Tuesday, December 7, 2010
I attended the 2nd year studio's final critique. Their project assignment was to design a structure by using a system of folding, experimenting with paper and origami as well as creating models and a presentation board. I thought two projects were especially successful. One project was a tunnel made out of angular plexiglass modules that was inspired by a human spine. This project was designed so the tunnel could change shape, and sections could be added or taken away. The model was very successful because it was made from a plastic or plexiglass material just like the proposed design and each piece was identical and well crafted. The scale figures were also effective in showing the tunnel's size and how people would interact with it, which was a big issue discussed in this critique. The graphics in this presentation showed the process very well, but with the final rendering being the prominent focus. Another project used a series of cardboard triangles that were folded and sewn together to make an adjustable tunnel where the user could modify the structure by folding it or changing the number of triangles. This model was also very well crafted and was demonstrated well with scale figures. The graphic presentation used a series of pictures showing the process like the first project. Overall, the second year students did a good job speaking clearly and articulating how they arrived at their final projects. I think they could have talked more about what exactly their project required and what their goals were.
My drawing has improved significantly since the start of the semester. I used to consider myself as not being able to "draw" at all, but the practice I've done in my observational sketchbook has shown me than I can make successful drawings with the techniques I have learned. This semester I learned how to shade and blend effectively to create shadows and dimension and use erasing to show light. I have also improved on using detail and contrast to make more successful sketches.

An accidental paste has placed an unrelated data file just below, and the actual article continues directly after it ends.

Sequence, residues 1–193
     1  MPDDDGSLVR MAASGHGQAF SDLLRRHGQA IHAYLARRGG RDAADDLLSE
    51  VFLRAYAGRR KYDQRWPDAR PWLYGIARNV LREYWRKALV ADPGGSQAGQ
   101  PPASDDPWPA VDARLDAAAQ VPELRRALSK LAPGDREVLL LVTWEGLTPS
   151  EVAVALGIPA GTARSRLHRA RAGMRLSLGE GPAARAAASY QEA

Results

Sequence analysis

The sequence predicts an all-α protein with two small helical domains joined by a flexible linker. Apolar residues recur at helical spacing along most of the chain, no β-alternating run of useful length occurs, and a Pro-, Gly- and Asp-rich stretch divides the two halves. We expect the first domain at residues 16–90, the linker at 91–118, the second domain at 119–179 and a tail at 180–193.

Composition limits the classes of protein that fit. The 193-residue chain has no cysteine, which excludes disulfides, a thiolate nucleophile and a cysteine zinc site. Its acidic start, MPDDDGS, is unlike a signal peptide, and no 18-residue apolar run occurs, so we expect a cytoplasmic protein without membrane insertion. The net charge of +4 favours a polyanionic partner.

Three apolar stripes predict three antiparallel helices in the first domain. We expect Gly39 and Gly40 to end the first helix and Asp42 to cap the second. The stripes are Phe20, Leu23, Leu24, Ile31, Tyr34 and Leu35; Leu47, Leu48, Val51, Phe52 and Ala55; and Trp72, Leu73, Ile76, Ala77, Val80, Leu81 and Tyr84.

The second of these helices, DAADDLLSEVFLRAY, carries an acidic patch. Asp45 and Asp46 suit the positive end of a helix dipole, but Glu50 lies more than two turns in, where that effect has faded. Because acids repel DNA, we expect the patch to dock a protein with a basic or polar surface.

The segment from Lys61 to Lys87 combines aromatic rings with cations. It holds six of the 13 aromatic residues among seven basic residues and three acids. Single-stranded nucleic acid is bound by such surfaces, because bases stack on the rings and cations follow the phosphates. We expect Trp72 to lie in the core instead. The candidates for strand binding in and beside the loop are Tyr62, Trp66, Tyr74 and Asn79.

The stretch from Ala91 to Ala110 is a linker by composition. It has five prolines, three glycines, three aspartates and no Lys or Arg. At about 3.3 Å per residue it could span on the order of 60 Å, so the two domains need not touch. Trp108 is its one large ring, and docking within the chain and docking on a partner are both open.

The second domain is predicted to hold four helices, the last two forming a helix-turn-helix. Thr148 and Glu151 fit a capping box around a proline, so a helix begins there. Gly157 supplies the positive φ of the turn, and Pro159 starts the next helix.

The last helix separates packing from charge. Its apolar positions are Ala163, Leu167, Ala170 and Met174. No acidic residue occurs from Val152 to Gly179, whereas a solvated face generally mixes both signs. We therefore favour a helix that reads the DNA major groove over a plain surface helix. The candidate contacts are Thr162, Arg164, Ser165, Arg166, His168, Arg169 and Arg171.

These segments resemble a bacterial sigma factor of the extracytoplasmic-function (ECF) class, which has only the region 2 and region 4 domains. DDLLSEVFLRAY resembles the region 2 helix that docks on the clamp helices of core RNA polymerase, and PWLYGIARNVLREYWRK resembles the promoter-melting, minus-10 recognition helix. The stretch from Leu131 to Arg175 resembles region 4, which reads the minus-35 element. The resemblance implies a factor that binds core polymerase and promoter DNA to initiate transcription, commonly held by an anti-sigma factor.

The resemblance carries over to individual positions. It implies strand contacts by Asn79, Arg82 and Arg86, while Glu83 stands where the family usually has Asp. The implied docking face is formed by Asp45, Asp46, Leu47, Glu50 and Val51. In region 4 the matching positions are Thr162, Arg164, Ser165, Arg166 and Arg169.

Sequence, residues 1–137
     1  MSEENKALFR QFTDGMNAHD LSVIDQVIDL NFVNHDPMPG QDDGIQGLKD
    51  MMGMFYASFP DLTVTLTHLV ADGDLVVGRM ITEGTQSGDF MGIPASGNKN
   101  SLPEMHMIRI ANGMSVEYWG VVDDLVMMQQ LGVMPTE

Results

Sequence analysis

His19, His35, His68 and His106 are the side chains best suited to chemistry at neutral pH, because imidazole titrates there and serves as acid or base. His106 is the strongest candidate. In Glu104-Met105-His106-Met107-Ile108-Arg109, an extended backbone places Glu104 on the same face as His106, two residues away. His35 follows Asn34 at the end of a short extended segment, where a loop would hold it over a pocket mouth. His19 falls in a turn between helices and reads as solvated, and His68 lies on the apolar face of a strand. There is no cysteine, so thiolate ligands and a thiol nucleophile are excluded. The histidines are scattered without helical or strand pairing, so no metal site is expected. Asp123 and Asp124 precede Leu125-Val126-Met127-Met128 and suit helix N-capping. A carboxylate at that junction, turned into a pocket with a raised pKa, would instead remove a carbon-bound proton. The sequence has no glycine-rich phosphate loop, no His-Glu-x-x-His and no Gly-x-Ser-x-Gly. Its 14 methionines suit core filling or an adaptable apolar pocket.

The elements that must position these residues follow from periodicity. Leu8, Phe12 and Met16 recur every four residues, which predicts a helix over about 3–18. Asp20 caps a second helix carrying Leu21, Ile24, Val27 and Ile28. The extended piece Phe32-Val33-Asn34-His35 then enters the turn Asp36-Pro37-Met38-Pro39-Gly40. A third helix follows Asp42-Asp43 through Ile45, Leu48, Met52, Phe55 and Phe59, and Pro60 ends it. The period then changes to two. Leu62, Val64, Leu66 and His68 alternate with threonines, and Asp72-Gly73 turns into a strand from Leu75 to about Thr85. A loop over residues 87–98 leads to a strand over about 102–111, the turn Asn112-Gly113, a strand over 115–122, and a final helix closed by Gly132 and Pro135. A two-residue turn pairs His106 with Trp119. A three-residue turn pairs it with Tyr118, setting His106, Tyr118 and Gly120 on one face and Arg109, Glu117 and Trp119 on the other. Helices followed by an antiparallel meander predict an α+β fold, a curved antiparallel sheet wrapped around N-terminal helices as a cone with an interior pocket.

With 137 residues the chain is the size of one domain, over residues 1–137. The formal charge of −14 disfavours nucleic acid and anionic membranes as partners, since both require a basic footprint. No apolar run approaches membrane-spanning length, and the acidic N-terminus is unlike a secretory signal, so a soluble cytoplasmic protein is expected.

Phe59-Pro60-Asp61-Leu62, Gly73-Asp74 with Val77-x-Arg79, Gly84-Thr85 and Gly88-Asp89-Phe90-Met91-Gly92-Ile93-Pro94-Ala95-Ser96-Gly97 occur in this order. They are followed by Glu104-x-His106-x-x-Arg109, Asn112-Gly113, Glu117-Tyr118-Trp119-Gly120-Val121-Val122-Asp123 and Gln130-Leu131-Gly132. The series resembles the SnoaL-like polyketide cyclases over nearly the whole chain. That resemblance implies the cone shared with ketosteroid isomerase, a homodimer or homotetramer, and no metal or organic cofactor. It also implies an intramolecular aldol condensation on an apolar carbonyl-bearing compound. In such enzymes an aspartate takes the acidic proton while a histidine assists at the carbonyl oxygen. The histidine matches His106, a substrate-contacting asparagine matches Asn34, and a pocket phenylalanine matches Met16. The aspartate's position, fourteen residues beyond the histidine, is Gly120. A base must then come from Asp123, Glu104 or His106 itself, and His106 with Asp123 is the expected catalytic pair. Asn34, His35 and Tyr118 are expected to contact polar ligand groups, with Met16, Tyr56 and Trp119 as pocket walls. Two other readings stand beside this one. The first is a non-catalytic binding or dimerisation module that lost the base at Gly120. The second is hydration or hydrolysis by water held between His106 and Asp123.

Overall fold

I considered this to be my most successful sketch because the apple appears to be three-dimensional by use of shading and I believe I achieved to effect of light reflecting off of the apple.
The Final Project
The inspiration for my luminaire was sunlight hitting the fountain outside of the dining hall. My original prototype used only canson and trace paper to make a curve structure that was similar to my original diagrammatic model in my light phenomenon presentation. I then changed direction to a less literal interpretation which used more interesting materials. I used drinking straws to filter the light as well as show the different levels of brightness and curves of the water in the fountain. I started out with reflective paper held up by wooden dowels as the back of my luminaire to reflect light onto the straws. Originally there was only one single row of straws that were attached with only a few holes drilled into the base, the straws being taped to each other. I found that the best way to create the fountain effect and appropriately filter the bulb was to drill two rows of holes all the way around the wooden base. I switched to using poplar wood instead of pine because it is harder and easier to work with on the drill press. I added a third row of straws in front of the bulb to make the light less harsh. Finally, I added feet to the base made from wooden dowels to lift my luminaire off of the table surface and to allow room for the cord underneath. After critique, I decided to use paper to further shade the light bulb which helped to further soften the light in the center of my luminaire.
First base with reflective paper backing
First wooden base with dowels